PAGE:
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Orbán pushes for ceasefire with Russia in milestone Kyiv visit

Ukrainian President Volodymyr Zelenskyy welcomes Hungarian Prime Minister Viktor Orban in Kyiv, 2 July 2024
Ukrainian President Volodymyr Zelenskyy welcomes Hungarian Prime Minister Viktor Orban in Kyiv, 2 July 2024 Copyright AP/Ukrainian Presidential Press Office
Copyright AP/Ukrainian Presidential Press Office
By Euronews with AP
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The Hungarian premier visited Ukraine's capital for the first time since Russia's full-scale invasion in 2022, offering suggestions for ending the war.

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During his first visit to neighbouring Ukraine since Russia’s full-scale invasion, Hungarian Prime Minister Viktor Orbán told President Volodymyr Zelenskyy on Tuesday that the war was Europe's “most important issue” and recommended an immediate ceasefire.

Orbán is widely seen as having the warmest relations with Russian President Vladimir Putin among European Union leaders, and his visit was a rare gesture in a tumultuous relationship with Ukraine as Budapest has repeatedly leaned toward Moscow.

The Hungarian PM has routinely blocked, delayed or watered down EU efforts to extend assistance to Ukraine and to sanction Moscow over its war, frustrating both Zelenskyy and other EU leaders.

But following talks in Kyiv on Tuesday, Orbán appeared to open the door to a new phase of bilateral relations, saying “the time had come” for such an official visit.

“We are trying to leave the disputes of the past behind us and focus on the period ahead,” Orbán said in brief comments to journalists following the talks. “We would like relations between our two countries to be much better.”

Tense relations to ease?

Ukraine and Hungary have had a tense relationship since the war began, with Orbán portraying himself as a champion for peace and calling for an immediate cease-fire and peace talks without expanding on what that would mean for Ukraine’s territorial integrity. He reiterated that call Tuesday, saying it would “provide an opportunity to speed up peace negotiations.”

But Zelenskyy said on Tuesday that he was “grateful” for the humanitarian support Hungary had provided to Ukrainian refugees fleeing the war. He also said Hungary could play a role in organising a second iteration of a peace summit that was held in Switzerland last month, which brought together dozens of world leaders.

krainian President Volodymyr Zelenskyy, right, welcomes Hungarian Prime Minister Viktor Orban in Kyiv, 2 July 2024
krainian President Volodymyr Zelenskyy, right, welcomes Hungarian Prime Minister Viktor Orban in Kyiv, 2 July 2024Zoltan Fischer/MTI via AP

“Today, we discussed in detail how Hungary can show further leadership in preparing for the second summit," Zelenskyy said, adding that he would like the event to take place this year.

Orbán's visit comes the day after Hungary took over the six-month rotating presidency of the EU, a position that has little real power but can be used to set the tone of the bloc’s agenda.

Hungarian officials have indicated that they will act as “honest brokers” in the role despite worries from some EU lawmakers that Hungary’s democratic track record makes it unfit to lead the bloc.

During the visit, the Hungarian prime minister acknowledged Russia's invasion and said his aim in travelling to Kyiv was "to understand how we could be helpful to Ukraine in the forthcoming six months.”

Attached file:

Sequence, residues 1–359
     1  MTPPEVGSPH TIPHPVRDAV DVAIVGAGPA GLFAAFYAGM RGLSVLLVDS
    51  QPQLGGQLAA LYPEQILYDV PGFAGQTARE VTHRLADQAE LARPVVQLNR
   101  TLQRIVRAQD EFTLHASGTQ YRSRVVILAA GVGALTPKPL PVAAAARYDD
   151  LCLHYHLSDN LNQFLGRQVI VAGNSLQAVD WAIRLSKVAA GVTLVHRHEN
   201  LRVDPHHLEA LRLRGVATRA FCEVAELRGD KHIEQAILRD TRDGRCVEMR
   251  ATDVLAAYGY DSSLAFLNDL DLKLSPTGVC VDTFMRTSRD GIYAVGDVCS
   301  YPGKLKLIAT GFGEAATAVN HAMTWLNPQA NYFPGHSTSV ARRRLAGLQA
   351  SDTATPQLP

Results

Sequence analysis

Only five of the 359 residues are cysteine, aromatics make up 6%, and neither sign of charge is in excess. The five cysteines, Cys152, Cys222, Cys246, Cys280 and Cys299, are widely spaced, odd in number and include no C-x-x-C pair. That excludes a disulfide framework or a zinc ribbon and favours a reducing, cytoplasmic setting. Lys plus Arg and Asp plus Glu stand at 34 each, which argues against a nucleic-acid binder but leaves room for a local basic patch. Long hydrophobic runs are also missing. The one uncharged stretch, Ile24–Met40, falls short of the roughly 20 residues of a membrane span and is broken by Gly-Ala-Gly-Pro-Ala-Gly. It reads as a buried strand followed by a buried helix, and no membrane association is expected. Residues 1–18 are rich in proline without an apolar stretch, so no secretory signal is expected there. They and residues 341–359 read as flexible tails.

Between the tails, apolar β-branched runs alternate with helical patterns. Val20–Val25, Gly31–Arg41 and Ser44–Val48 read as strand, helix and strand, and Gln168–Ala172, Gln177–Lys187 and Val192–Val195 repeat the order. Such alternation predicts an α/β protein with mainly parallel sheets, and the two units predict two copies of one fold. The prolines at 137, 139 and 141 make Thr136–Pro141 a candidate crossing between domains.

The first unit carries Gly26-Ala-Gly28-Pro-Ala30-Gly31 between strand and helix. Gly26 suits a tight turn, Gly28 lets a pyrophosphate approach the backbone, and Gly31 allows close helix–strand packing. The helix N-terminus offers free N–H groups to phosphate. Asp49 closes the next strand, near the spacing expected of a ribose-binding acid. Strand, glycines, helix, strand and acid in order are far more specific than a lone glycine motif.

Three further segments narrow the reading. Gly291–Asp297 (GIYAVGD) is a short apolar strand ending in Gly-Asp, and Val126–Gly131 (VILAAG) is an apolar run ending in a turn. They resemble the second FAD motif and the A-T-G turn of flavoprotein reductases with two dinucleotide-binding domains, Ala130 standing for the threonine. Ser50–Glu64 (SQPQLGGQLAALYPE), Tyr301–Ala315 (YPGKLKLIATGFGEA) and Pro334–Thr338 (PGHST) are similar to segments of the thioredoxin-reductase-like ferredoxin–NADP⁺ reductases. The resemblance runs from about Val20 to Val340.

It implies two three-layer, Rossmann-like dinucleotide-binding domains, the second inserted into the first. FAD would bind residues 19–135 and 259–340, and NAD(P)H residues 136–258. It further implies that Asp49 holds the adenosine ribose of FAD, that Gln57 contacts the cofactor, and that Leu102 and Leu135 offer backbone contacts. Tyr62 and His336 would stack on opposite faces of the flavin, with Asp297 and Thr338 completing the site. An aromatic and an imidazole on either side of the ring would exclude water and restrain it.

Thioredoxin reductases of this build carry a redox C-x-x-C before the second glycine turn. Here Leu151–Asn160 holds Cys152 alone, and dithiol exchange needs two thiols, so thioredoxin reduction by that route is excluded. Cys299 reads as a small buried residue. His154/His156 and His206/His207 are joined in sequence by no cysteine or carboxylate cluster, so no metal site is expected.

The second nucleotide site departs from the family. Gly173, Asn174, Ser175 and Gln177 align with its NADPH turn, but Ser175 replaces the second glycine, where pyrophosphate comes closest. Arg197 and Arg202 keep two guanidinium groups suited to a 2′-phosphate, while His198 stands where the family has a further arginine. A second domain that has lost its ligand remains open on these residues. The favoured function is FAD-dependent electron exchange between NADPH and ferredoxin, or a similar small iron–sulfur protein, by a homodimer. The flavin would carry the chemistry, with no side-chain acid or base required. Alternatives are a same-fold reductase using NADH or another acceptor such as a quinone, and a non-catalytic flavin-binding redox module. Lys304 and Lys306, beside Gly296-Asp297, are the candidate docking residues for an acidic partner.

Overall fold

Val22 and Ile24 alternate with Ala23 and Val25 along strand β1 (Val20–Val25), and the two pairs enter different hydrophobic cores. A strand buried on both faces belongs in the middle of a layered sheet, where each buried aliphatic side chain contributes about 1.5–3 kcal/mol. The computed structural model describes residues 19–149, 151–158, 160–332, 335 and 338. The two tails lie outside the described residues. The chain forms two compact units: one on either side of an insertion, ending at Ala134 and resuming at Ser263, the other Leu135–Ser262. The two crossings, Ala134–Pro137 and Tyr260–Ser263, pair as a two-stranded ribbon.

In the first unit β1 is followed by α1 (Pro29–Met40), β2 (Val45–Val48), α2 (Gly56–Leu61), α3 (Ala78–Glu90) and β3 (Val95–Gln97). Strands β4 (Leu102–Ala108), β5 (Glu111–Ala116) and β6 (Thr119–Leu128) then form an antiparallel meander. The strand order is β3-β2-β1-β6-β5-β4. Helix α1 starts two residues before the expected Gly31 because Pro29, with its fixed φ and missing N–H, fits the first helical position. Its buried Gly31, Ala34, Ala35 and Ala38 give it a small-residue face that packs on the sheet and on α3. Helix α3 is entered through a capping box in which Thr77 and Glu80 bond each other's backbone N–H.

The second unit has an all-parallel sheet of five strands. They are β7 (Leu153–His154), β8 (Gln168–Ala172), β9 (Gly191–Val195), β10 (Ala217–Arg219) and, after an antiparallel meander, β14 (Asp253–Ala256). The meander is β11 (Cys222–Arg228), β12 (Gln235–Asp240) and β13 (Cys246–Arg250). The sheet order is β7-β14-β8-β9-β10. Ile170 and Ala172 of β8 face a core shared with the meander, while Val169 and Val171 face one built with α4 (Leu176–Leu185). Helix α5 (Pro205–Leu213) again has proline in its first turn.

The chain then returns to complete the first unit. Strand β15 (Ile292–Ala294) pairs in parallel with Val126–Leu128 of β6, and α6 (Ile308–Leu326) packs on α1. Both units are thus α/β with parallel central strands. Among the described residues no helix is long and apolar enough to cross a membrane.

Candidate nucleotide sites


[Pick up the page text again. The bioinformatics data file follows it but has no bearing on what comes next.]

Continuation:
“The issue of peace is not only important for Ukraine, it is important for the whole of Europe,” Orbán said. “This war, which you are now suffering, has a profound effect on European security.”

The war is “the most important issue for Europe," he said.

Minorities 'need to be taken care of,' says Orban

The Hungarian premier, a self-described adherent of “illiberal democracy,” has long been accused by his European partners of dismantling democratic institutions at home and acting as an obstinate spoiler of key EU policy priorities.

The bloc has frozen more than €18.6 billion in funding to Budapest over alleged rule-of-law and corruption violations, and Orbán has conducted numerous anti-EU campaigns depicting it as an overcentralised, repressive organisation.

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Orbán has also long accused Kyiv of mistreating an ethnic Hungarian minority in Ukraine’s western region of Zakarpattia, a community he has used to justify his refusal to provide weapons to Ukraine or allow their transfer across the two countries’ shared border.

But on Tuesday, Orbán said he sees a “good chance” of achieving progress in the minority community's affairs and agreed to a proposal by Zelenskyy to set up a Ukrainian school in Hungary for refugees.

“These families need to be taken care of. They need jobs, they need a livelihood, they need security, they need a good school for their children, they need good teachers,” Orbán said.

His visit comes as he seeks to recruit members into a new nationalist alliance that he hopes will soon become the largest right-wing group in the European Parliament. On Sunday, Orbán met in Vienna with the leaders of Austria’s far-right Freedom Party and the main Czech opposition party, announcing the formation of the new group, “Patriots for Europe."

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The trio would need to attract lawmakers from at least four more EU countries to successfully form a group in Europe's new parliament, which held elections in June.

Right-wing nationalist parties across Europe strengthened their position in the elections, but ideological differences over the war in Ukraine and cooperation with Russia have often prevented deeper alliances among some of the parties.

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